If our expectations of happiness sometimes seem off-kilter, it’s because our understanding of emotions in general is not always accurate. It is tempting to think that emotions are available in pairs, that each pleasant emotion comes with a distressing version: happiness matched with sadness, bravery with fear, contentment with frustration. And we might expect that people experience emotions in a wide range of intensities and durations. Depending on the person, sadness might last for a day or a decade, mildly or intensely. And so might its counterpart, happiness. As the sign says, we think, “Happiness has no limits.”
But in How the Mind Works, Stephen Pinker says not so fast. For starters, “There are twice as many negative emotions (fear, grief, anxiety, and so on) as positive ones.” Try to count the common unpleasant emotions that come to mind, then try to think of the same number of positive ones.
Another clue that emotions don’t come in positive and negative versions in all varieties is that “[P]eople’s mood plummets more when imagining a loss in their lives (for example, in course grades, or in relationships with the opposite sex) than it rises when imagining an equivalent gain.” Pinker quotes tennis star Jimmy Connors: “I hate to lose more than I like to win.”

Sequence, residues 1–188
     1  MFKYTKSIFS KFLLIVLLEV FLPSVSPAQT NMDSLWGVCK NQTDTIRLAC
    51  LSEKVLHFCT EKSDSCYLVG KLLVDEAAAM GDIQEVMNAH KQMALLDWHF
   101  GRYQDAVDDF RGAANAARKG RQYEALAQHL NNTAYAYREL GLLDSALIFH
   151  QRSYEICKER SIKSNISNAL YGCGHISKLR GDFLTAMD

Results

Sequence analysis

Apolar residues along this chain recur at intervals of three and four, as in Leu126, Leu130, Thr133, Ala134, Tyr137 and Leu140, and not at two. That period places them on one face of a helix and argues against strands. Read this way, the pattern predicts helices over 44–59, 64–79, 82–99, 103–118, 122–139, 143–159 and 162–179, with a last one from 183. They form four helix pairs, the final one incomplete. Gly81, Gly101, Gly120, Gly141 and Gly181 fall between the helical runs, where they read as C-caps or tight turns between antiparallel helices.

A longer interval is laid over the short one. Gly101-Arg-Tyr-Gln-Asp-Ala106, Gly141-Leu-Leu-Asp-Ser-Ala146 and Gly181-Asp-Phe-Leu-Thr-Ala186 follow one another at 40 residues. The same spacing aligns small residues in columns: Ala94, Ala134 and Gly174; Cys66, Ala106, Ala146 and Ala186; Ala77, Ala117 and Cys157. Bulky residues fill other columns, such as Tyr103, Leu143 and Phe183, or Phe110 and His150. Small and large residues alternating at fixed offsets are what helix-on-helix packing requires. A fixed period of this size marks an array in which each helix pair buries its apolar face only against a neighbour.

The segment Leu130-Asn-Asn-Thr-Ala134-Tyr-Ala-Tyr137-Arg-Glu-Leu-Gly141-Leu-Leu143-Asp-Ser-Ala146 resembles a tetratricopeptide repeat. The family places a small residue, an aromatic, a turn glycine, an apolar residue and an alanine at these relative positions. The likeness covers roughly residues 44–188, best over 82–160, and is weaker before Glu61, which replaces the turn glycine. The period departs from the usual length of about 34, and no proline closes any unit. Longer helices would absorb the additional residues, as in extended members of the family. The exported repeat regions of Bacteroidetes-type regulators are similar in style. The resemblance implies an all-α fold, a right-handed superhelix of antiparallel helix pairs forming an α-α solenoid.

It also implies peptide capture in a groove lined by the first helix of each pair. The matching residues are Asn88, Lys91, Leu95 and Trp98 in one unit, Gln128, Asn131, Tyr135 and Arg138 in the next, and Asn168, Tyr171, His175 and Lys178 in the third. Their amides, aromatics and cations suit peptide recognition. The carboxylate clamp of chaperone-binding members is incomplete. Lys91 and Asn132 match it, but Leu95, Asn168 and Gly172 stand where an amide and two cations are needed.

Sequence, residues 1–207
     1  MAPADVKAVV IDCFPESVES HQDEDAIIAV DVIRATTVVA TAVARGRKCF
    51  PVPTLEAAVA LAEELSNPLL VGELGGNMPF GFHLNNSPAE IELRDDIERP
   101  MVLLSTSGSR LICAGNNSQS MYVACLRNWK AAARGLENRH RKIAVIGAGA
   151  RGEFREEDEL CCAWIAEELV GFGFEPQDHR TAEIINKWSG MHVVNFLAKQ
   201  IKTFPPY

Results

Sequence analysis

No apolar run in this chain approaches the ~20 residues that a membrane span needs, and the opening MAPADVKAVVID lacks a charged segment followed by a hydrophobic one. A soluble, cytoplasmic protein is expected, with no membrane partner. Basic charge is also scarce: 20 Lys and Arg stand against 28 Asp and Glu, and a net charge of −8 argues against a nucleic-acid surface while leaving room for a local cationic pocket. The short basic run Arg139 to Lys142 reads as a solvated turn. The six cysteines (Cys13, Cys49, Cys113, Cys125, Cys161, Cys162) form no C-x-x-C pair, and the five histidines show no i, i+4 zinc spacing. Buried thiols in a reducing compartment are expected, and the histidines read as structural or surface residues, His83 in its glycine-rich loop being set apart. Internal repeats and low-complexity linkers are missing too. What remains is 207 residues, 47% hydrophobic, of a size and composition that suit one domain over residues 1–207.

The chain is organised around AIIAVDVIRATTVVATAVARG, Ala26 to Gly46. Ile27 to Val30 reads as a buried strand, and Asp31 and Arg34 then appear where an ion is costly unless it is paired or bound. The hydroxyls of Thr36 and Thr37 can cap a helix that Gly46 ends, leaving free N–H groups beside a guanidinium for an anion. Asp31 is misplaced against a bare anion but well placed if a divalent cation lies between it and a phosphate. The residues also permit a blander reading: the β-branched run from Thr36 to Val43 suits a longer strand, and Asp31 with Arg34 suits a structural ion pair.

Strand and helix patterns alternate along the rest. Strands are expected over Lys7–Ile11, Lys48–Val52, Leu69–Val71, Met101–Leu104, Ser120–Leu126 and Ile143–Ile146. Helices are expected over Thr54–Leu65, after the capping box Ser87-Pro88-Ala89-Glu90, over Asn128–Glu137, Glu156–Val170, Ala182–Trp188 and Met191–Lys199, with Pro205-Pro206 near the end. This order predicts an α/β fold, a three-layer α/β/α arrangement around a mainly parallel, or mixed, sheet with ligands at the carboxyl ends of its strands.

So not only are negative feelings more plentiful than positive ones, but they pack a stronger punch as well.
Why? The benefits of happiness and the other positive feelings are, in evolutionary terms, more limited than we might think. Pinker: “The psychologist Timothy Ketelaar notes that happiness tracks the effect of resources on biological fitness. As things get better, increases in fitness show diminishing returns: more food is better, but only up to a point. But as things get worse, decreases in fitness can take you out of the game: not enough food, and you’re dead” (392).
So the dangers of of injury, illness, and enemies call for variable levels of distress to signal the seriousness of the threat—emotional smoke alarms that can grow louder and last longer as the threat intensifies. But the joys of health, sociability, creativity, and even spirituality don’t call for such intensification. In the long run, we wouldn’t gain from a capacity for increasingly intense joy or confidence or satisfaction or excitement. Too much joy for too long and we let our guard down.
So we care more about what could go wrong than about what could go better.